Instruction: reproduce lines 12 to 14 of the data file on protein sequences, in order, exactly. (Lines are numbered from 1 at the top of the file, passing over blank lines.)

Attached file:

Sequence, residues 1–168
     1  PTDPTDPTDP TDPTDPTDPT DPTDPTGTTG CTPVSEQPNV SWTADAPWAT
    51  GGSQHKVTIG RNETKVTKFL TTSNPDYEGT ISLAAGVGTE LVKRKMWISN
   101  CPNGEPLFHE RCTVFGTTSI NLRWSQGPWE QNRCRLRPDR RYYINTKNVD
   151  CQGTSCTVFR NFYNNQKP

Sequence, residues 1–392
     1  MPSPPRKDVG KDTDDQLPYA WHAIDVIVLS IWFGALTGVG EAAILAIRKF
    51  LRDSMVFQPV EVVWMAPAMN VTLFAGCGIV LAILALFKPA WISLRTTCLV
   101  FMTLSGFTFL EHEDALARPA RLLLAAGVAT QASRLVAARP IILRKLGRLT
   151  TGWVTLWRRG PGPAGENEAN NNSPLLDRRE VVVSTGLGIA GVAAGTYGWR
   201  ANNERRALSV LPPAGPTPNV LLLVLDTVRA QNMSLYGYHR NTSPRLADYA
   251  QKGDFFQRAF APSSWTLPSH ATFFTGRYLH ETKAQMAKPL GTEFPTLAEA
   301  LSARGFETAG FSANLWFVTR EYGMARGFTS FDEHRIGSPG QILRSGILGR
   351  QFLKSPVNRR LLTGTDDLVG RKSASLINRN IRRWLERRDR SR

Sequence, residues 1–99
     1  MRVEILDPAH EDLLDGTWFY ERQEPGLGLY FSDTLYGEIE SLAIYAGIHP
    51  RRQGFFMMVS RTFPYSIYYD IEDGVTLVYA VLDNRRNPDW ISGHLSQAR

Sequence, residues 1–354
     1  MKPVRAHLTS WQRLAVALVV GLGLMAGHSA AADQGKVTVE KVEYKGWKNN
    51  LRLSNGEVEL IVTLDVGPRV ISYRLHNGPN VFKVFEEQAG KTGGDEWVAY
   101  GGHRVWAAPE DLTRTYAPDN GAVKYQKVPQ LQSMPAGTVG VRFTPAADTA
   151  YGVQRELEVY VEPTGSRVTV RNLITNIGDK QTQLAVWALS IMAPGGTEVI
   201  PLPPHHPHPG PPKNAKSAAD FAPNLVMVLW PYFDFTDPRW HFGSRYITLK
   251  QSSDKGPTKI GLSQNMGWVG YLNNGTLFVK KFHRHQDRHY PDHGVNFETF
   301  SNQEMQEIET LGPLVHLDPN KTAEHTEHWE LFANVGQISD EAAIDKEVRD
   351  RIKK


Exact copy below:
   251  QKGDFFQRAF APSSWTLPSH ATFFTGRYLH ETKAQMAKPL GTEFPTLAEA
   301  LSARGFETAG FSANLWFVTR EYGMARGFTS FDEHRIGSPG QILRSGILGR
   351  QFLKSPVNRR LLTGTDDLVG RKSASLINRN IRRWLERRDR SR